Consul General Charles Hunter’s Interview with Olay TV’s Cüneyt Önder

Bad News for Turkish Exporters!

U.S. Consul General in Istanbul Hunter, who did not herald good news on TTIP – of which Turkey is struggling to be a part – put an end to the free trade agreement debate, saying ‘we have filled our capacity’.

The U.S. administration, who did not give the green light to a free trade agreement with Turkey, also closed doors on Ankara with regard to the Transatlantic Trade and Investment Partnership negotiations held with the EU. United States’ Consul General in Istanbul Charles F. Hunter stated that the U.S. is not currently discussing bringing Turkey into the TTIP negotiations.

Charles F. Hunter, in response to Olay TV Manager Cüneyt Önder’s questions, while recognizing that the agreement would have negative effects on Turkey, said “Our two countries have established a High Level Commission and a framework structure so that representatives of Turkey and the United States can come together on a regular basis to exchange information both about how the negotiations with the European Union are proceeding and what the best analysis is of what kind of impact there would be on Turkey.”

Our Capacity is Full

Hunter, arguing that Transatlantic and Transpacific agreements do not intend to harm any country’s economy, remarked that said agreements are “intended to spur greater trade.” On the subject of Turkey’s request for a free trade agreement with the U.S., Consul General Hunter stated “with those two major agreements that we are working on with Asian nations and European nations, I think we have reached our capacity for creating Free Trade Agreements.”

There are Potentials and Opportunities

Pointing out the growth our bilateral trade volume has been experiencing for the past 15 years, Hunter said “The U.S. is in the top 10 of Turkey’s trade partners.  But for the U.S., Turkey is only somewhere in the 30’s. And given its importance and its size among world economies – one of the top 20 economies – it deserves to have a bigger place.  I think we need to … tell more people that there is still more opportunity to be found.” Consul General Hunter, who also emphasized that the U.S. is aware of the potential and opportunities presented by Turkey, added: “One very important indicator that I think your readers are aware of is the visit last fall by our Secretary of Commerce Penny Pritzker to Turkey.  And she didn’t come by herself, but with members of a group called the Presidents Export Council.  That group was traveling overseas for the first time in more than 10 years, and it chose only two countries to visit on that trip.  Turkey was one of those two countries.  So that is the indication I think of how much the U.S. side sees potential in Turkey.”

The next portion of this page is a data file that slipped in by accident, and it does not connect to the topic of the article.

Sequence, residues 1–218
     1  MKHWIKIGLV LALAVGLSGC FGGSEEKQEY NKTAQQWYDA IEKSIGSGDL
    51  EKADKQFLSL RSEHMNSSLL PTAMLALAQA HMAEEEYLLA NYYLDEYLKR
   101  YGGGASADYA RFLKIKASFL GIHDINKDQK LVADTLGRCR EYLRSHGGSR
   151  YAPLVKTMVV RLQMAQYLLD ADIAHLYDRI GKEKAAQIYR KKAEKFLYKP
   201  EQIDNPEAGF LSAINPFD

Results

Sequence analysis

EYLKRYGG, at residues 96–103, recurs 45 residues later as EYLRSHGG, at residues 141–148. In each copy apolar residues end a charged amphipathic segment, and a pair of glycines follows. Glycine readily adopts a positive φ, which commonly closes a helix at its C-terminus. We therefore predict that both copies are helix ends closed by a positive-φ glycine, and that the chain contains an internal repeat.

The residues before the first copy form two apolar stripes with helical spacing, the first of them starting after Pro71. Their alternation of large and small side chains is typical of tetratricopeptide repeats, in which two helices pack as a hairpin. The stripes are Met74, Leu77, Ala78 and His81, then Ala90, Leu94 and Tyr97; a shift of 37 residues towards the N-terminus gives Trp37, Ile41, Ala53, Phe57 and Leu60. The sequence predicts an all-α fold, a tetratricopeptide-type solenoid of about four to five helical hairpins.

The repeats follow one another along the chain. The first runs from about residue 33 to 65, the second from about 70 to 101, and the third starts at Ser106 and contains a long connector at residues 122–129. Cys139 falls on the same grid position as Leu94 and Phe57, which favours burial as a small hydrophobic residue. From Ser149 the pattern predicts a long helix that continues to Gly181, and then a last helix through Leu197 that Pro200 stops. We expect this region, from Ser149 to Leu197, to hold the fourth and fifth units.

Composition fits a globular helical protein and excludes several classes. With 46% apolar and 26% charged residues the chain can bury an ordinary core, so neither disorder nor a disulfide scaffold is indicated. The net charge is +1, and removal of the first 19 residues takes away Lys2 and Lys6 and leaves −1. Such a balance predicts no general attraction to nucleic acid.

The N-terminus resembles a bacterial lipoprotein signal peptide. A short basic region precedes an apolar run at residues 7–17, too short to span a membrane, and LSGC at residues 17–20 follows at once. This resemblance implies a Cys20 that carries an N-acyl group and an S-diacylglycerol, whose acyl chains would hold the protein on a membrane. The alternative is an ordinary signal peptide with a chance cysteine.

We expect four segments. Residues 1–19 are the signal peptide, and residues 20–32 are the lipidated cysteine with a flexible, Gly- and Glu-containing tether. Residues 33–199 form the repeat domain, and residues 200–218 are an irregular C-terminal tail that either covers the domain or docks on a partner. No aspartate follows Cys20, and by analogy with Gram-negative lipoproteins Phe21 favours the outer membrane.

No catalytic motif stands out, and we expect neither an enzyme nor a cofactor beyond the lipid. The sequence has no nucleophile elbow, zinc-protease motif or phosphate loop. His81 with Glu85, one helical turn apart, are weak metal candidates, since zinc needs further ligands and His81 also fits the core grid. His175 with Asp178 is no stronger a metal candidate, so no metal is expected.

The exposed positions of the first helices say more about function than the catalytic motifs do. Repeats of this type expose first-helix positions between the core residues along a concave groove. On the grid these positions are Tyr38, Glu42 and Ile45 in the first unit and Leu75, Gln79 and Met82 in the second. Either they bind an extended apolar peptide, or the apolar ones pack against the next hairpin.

Light Commercial Vehicle Tender

Upon being reminded that Bursa was also mentioned in U.S. Postal Service’s tender to purchase 180,000 light commercial vehicles and that Fiat Doblo and Turkish-manufactured Ford Connect seemed to be the frontrunners, Hunter noted that the process for this 6,3 billion dollar tender is an ongoing one. Consul General Hunter expressed a commitment to transparency and remarked: “When the decision is made, it will be in compliance with the highest standards of transparency.  It is not to the best of my knowledge something that the Congress would need to approve.”

What is TTIP?

The TTIP Agreement was publicly announced on February 13th, 2013 and involves removing customs tariffs between the U.S. and the EU – whose combined trade volume amounts to one third of the global trade output –, ensuring that U.S. and EU firms receive equal treatment with regard to investment opportunities and allowing for mutual free participation to public procurement tenders. Through the EU, U.S. goods entering the Turkish market will have been provided a free entry opportunity, however customs tariffs that are currently being imposed upon Turkish goods exported to the U.S. will not be removed. This situation will not only disturb trade balance, but also decrease Turkish goods’ capacity for competition.